Running good for ‘mind, body and spirit'

July 15, 2012

 

By Catherine McDonough

Catholic News Service

WASHINGTON - Running a marathon is “very healthy for mind, body and spirit,” but it is also an excellent way to promote Catholicism, particularly vocations, said Father Rick Nagel of the Indianapolis Archdiocese.

Father Nagel is director of the archdiocesan Office of Young Adult and College Campus Ministry. His office and the archdiocesan Vocations Office sponsor the annual Race for Vocations, which takes place within the Indianapolis One America Festival Mini Marathon and 5K each May in downtown Indianapolis. With about 35,000 runners, it is the largest race in the nation, according to organizers.

The Race for Vocations is an example of how Catholic organizations across the country plug into secular marathons and other runs as well as walks to promote worthy causes and raise money for them by gathering pledges.

For example, Catholic Charities agencies sponsor teams in a lot of major races around the country including the ING New York City Marathon, the Boston Marathon, the Chicago Marathon and the Race for Hope Half Marathon in West Virginia. Charities participants raise funds for the agencies’ programs and services.

Elsewhere, races have been used to promote Catholic education. This October the 40th annual walk/bike two-mile marathon for Catholic education takes place in Wabasso, Minn., in the Diocese of New Ulm. It begins with Mass at St. Anne’s Church and is followed by a potluck dinner. The Archdiocese of Galveston-Houston plans to hold its eighth annual Steps for Students 5K Feb. 16, 2013, to help raise funds for area Catholic schools.

One way to keep up to date on the Catholic running world is the blog www.runningcatholic.com, where runners post devotions and stories about their training and race experience.

In Indianapolis, Father Nagel has been helping with the Race for Vocations since 2007.

The team of runners has as its motto: “Priesthood, Religious Life, Marriage, Sacred Single Life. Vocation ... everyone has one. What’s yours?” It is emblazoned on their T-shirts.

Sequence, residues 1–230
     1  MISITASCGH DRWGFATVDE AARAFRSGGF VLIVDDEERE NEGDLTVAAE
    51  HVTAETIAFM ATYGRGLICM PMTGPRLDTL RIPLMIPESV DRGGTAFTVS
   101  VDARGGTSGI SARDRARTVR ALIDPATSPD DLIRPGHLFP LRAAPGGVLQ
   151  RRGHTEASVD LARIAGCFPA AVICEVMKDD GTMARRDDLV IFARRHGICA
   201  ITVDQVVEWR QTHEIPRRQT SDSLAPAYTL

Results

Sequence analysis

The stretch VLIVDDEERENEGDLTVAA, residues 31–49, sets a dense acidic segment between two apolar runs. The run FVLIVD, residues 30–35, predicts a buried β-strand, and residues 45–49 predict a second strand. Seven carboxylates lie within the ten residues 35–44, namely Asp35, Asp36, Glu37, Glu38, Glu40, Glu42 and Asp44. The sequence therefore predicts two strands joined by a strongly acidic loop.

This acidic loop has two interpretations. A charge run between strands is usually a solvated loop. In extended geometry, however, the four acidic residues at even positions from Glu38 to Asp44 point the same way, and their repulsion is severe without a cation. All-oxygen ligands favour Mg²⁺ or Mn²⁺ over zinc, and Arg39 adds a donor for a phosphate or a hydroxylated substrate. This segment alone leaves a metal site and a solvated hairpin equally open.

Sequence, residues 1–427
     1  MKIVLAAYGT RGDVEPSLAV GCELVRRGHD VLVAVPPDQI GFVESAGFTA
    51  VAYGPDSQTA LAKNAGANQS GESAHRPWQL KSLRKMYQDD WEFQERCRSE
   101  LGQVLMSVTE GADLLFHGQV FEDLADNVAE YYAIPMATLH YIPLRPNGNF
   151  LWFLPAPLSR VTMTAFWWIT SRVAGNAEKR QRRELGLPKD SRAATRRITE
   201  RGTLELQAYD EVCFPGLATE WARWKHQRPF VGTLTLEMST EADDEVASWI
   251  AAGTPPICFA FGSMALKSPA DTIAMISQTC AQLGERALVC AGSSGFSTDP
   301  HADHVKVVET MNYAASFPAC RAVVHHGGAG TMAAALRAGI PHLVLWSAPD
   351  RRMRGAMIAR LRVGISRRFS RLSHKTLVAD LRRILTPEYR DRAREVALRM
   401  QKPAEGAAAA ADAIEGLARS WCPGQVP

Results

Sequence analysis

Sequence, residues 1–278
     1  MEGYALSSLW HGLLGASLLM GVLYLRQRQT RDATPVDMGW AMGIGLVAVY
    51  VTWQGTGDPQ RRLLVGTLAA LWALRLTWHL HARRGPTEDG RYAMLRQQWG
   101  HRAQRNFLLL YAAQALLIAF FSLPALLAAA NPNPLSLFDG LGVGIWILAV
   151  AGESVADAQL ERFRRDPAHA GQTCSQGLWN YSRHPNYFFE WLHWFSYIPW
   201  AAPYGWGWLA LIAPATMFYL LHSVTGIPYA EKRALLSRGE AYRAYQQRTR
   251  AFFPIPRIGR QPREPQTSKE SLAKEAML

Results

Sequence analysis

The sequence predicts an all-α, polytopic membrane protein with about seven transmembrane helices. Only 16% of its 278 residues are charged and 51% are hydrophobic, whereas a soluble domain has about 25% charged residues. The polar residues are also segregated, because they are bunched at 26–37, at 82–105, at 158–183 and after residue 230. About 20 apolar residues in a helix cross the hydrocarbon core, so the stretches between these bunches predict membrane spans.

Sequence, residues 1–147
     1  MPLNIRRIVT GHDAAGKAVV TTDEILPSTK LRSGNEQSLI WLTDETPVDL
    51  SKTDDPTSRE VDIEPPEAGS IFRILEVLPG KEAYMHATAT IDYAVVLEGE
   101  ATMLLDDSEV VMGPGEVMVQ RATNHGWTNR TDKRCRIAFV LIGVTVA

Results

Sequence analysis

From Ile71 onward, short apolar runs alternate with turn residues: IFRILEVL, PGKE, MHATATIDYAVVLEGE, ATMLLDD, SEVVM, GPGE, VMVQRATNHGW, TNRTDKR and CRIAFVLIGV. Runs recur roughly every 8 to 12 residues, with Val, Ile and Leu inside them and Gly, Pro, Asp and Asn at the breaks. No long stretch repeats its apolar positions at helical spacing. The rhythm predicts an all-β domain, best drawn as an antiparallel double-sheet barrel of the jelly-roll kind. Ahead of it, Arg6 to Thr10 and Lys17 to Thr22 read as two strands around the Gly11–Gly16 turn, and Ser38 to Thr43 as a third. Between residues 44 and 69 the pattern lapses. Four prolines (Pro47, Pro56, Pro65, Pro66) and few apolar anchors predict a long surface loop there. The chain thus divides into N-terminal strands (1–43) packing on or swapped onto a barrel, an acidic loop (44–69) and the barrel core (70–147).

“It raises awareness. People ask about the shirts. They are interested in what we’re doing,” Father Nagel said in a telephone interview with Catholic News Service. “If it would spark one person to think about if God is calling them for a vocation, it would be worth it all.”

The vocations race has grown over the years; this May it had 350 runners. The dioceses of Lafayette and Evansville, Ind., also participate.

“We want to create a culture of vocations in our families and meet people where they’re at; in secular settings,” the priest said. “We want to create a culture of awareness in the public.”

Registering for the event is twofold, he explained.

“We have people independently sign up for the One America race, and then we have a registration form on the website so we know who is coming,” Father Nagel said, referring to the website of the archdiocesan Vocations Office, www.HearGodsCall.com. “Then we send out e-letters encouraging them to train and pray for a universal call to holiness. Naturally some start training together. Parish groups or groups of friends begin praying together and training; we have been pleased to see that evolve on its own.”

On top of registration fees the runners pay, they are encouraged to gather both prayer and monetary pledges for vocations.

“All financial donations go into a vocations fund in which parishes can apply for money to host vocation fairs and other events that help foster a culture of vocations,” Father Nagel said.

Overall, Father Nagel believes that it is a benefit to have the Race for Vocations as part of a secular race.

“You don’t have to create your own (race). You can just plug in,” Father Nagel said. “The nice thing about plugging in is that we are amongst so many people who aren’t running for our cause. It raises awareness. They are interested in what we’re doing.”

Copyright (c) 2012 Catholic News Service/U.S. Conference of Catholic Bishops